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Old 04-10-2015, 06:33 AM   #15
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Biloxi , Mississippi
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I recently spent several days traveling with a group of trailers. Most had CBs. I do not. Funny thing was every evening one of the topics of discussion was how no one could talk to anyone else on their radios.


Do you know what a learning experience is? A learning experience is one of those things that says "You know that thing that you just did? Don't do that."
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Old 04-10-2015, 06:38 AM   #16
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1985 31' Sovereign
Lovettsville , Virginia
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I have one in my TV which is also my daily driver and snow plow truck, but its rarely turned on. Occasionally, we'll used them when plowing to easily communicate which trucks are on what streets so we can coordinate who goes where, or in case someone needs help. I sometimes turn it on when travelling, but generally hear only spanish (I don't understand) and occasionally hear some recorded broadcast advertising for some truck stop or something (an FCC violation). For that matter, the prolific cursing often heard is also an FCC violation, but obviously it's not easily enforced, or enforced at all. It's been years since I've actually gotten any good information using it. Recently, I've considered getting rid of it and using the space under the dash as a better location for my brake controller.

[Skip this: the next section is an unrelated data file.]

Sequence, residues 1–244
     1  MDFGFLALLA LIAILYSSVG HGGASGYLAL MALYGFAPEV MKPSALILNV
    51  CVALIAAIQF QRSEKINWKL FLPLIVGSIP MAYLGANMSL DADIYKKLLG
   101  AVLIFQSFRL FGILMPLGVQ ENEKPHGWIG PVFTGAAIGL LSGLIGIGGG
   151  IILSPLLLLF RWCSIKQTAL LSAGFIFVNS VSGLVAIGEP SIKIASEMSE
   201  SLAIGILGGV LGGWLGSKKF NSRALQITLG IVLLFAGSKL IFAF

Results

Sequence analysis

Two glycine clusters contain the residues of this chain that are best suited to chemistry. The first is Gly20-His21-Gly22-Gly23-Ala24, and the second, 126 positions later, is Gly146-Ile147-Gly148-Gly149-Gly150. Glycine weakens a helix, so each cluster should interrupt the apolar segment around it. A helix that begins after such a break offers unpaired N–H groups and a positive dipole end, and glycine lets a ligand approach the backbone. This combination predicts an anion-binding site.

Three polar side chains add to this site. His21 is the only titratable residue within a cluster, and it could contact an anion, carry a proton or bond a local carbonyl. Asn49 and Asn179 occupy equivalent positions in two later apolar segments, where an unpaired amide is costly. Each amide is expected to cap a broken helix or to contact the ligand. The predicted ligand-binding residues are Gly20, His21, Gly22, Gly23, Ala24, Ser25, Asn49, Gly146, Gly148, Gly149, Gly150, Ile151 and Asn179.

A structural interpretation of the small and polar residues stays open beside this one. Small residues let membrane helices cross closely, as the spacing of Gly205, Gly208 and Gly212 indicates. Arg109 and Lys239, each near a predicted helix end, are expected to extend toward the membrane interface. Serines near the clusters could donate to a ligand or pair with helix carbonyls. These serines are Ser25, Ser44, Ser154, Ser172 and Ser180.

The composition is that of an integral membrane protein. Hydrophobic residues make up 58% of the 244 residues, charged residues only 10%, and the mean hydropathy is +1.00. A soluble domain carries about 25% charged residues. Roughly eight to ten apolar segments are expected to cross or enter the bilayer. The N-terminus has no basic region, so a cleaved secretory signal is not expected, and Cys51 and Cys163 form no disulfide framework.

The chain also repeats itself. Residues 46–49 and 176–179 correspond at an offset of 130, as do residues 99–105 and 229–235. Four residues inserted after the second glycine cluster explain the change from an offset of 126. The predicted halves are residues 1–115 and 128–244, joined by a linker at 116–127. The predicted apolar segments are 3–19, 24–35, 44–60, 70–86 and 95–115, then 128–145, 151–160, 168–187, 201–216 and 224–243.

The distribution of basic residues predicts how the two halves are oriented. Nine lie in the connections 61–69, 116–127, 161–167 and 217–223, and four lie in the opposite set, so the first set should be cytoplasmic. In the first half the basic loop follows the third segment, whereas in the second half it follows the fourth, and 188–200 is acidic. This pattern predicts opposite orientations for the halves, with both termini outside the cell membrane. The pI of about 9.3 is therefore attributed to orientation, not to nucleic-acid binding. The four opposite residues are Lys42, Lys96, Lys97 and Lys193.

It's a matter of personal preference. If you've decided to get one, I would recommend getting a dash mount and installing it properly. They're powered better than a hand held, and when installed properly, you can avoid a lot of reception/range/static issues by routing cables and wires properly to avoid interference.

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Old 04-10-2015, 06:40 AM   #17
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2012 30' International
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Originally Posted by Eheart View Post
Hi, we are looking at buying a CB radio for our upcoming trips as
we are told it will be handy for communicating with other
Airstreamers etc. What I would like to know is do we buy
the hand held system or the dash mounted, and why.
Many thanks
It was required equipment for the WBCCI caravan to Alaska in 2014, Not sure if this is standard for all WBCCI caravans but was useful for communicating instructions on arrival at camp grounds/ dissemination of info in bad weather between trailers etc and relaying road info to other members of the group en route. Had never used it before and unless plan another trip requiring it, doubt will ever use it again. We bought a handheld which proved adequate for the need.
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Old 04-10-2015, 06:44 AM   #18
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Yes, WBCCI does still use CB's on their caravans. We keep a CB for that purpose. Some have them in both the camper and the auto for convenience. Some leaders relay on the CB a lot.
I have had 2 of the handheld units and both were disgusting. Tossed them. Had a Cobra all in the microphone unit and replaced that.